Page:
SAO PAULO, April 20 (Reuters) - The private sector should increase its participation in the Brazilian market for refined products over the next several years as state-run oil company Petrobras shifts away from downstream operations and the sector prepares for higher imports.
Market participants believe Petrobras’ financial woes will clear the way for private investments, mostly in logistics. A rising gap in locally produced fuels could also spur projects in port terminals, ethanol plants and even refineries, depending on clearer rules to be set by a likely new government.
Brazil’s leftist President Dilma Rousseff suffered a humiliating loss in a crucial impeachment vote in the lower house of Congress on Sunday.
Brazil is the world’s fourth largest fuels market, despite ranking ninth among the largest economies. It relies heavily on road transportation for goods and passengers, requiring high diesel volumes.
“We are going to see a wave of change in the sector as Petrobras focuses on upstream,” said Leonardo Gadotti Filho, vice president for logistics, fuels trading and distribution at Raízen, the joint venture between ethanol producer Cosan Industria e Comercio SA and Royal Dutch Shell Plc .
Cosan Chairman Rubens Ometto said earlier this month the company will carefully evaluate the assets that Petrobras eventually puts up for sale.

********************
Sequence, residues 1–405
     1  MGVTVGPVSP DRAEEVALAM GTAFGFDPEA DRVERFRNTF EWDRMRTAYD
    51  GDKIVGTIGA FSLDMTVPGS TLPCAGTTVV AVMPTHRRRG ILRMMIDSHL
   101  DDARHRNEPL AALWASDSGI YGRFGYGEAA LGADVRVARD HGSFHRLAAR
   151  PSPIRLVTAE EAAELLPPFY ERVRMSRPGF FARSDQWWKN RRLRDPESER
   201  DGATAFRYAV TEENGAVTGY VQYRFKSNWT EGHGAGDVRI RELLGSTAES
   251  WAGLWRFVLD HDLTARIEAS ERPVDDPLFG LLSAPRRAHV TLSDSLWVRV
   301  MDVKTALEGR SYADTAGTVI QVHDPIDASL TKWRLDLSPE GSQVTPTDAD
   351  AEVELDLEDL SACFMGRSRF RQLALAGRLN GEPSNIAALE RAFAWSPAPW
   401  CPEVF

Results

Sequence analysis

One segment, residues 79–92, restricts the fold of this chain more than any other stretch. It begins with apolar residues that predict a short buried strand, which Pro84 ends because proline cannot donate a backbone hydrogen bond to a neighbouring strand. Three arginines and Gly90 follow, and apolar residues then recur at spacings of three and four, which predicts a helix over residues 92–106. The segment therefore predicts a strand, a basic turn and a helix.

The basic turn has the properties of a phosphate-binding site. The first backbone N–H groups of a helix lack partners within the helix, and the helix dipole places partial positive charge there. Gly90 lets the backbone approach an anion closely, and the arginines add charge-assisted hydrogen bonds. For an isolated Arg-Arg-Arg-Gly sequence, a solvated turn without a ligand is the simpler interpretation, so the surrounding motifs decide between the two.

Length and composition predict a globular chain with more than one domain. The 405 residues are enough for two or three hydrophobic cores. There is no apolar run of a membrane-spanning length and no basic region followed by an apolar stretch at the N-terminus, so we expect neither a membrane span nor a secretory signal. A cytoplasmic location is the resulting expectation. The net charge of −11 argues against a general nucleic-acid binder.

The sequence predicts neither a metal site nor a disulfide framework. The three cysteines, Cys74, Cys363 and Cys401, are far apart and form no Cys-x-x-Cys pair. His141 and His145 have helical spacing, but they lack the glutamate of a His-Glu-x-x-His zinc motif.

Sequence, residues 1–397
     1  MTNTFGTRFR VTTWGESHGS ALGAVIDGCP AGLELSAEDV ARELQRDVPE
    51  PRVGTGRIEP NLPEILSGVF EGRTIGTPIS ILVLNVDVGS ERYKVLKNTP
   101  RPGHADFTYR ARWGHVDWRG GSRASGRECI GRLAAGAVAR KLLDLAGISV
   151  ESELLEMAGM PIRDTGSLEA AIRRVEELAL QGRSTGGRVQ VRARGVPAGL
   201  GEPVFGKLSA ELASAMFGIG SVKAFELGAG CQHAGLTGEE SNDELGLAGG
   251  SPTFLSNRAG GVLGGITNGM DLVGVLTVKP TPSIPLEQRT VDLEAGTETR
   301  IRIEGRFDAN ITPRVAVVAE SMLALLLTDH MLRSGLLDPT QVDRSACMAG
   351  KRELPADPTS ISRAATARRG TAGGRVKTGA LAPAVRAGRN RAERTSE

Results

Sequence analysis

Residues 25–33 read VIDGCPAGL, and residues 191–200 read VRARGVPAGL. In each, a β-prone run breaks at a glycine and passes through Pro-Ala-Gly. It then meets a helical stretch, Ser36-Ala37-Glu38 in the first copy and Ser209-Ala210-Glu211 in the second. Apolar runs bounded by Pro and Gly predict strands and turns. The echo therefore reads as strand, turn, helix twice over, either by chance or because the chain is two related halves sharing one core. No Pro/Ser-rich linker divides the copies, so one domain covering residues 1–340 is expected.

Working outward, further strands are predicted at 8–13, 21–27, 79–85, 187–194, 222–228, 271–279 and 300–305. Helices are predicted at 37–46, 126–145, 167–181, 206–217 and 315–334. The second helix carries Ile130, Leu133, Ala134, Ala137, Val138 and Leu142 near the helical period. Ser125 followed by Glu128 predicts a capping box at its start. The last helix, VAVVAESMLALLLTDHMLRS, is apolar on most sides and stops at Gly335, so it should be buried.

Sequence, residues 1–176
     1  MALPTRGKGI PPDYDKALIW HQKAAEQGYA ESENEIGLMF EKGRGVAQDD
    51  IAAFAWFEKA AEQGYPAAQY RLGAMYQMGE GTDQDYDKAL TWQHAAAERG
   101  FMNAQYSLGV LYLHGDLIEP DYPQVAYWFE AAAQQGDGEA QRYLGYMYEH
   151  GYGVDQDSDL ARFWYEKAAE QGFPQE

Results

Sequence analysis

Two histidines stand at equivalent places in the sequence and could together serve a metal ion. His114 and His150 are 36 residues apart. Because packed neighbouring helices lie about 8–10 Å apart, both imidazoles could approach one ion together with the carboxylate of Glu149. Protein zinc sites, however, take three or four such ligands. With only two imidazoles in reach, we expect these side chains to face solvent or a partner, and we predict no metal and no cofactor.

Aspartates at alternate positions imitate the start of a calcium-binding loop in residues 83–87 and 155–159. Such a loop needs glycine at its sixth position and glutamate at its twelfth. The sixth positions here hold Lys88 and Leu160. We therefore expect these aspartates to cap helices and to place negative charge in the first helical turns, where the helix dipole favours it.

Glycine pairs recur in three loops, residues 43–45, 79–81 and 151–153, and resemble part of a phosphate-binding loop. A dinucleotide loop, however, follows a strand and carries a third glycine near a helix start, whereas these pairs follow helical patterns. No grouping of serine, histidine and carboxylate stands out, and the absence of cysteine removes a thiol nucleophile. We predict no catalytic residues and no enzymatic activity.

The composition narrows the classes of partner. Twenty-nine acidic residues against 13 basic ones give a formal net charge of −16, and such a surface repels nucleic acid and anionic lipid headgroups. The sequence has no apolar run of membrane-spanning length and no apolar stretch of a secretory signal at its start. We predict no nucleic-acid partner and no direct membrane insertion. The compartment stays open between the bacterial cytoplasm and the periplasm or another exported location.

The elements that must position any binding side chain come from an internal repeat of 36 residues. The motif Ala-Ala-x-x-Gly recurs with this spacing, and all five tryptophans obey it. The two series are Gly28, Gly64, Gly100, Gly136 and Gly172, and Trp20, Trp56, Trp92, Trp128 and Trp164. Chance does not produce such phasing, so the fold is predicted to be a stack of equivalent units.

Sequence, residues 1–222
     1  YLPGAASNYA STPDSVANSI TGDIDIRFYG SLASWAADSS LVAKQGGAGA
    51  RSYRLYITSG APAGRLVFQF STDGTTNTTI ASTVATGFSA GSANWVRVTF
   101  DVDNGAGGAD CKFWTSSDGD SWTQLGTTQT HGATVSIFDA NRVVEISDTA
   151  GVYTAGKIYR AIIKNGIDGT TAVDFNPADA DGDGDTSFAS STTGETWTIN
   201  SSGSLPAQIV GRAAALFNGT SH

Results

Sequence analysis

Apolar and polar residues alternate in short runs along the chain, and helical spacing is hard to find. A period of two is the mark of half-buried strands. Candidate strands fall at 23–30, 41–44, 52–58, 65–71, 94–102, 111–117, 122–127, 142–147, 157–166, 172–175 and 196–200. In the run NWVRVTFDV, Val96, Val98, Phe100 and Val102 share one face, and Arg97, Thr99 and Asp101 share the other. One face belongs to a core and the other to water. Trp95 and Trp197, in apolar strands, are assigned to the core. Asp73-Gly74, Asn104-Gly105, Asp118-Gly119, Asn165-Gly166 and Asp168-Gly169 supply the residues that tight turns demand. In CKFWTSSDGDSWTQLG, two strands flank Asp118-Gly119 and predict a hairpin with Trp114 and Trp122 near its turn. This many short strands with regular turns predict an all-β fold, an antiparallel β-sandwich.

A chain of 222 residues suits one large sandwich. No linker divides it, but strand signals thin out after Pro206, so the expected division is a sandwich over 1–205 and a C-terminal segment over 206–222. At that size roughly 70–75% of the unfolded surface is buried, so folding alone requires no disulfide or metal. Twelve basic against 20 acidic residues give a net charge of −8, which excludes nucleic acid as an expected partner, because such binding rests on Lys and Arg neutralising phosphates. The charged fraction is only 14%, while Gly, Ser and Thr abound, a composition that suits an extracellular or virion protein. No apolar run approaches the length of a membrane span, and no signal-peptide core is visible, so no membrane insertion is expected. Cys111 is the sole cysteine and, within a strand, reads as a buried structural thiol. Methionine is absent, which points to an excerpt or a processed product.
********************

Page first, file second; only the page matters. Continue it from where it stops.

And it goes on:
Scandal-plagued and debt-heavy Petrobras, formally known as Petróleo Brasileiro SA, aims to raise $15 billion through divestments by the end of 2016, including 30 percent from downstream businesses.
The company does not have detailed plans, but media reports have suggested it might sell controlling stakes in fuel distribution company BR Distribuidora and in pipeline systems.
“The whole primary logistics should be passed on to private players,” said Gadotti, referring to stocking sites, pipelines and port terminals.
He said the structure will need to be upgraded for expected volume increases and efficiency gains, expanding the use of pipelines and trains to substitute for trucks.
“We have a large challenge ahead,” said José Augusto Dutra Nogueira, head of operations at Companhia Brasileira de Petróleo Ipiranga, Brazil’s second largest fuel distributor.
Nogueira included the need to expand port capacity to receive imported fuel in several states in the country.
ANP, Brazil’s oil and fuels watchdog, projects a large increase in refined product imports as soon as the economy returns to growth.
ANP sees imports reaching 742,000 barrels per day in 2026 from 323,000 bpd in 2015 if no new refining capacity is added.
Luiz Augusto Horta, a downstream expert at Unifei University, said new investments in refining and ethanol production will only come when the government sets a clear and predictable fuels pricing policy. (Editing by Jeffrey Benkoe)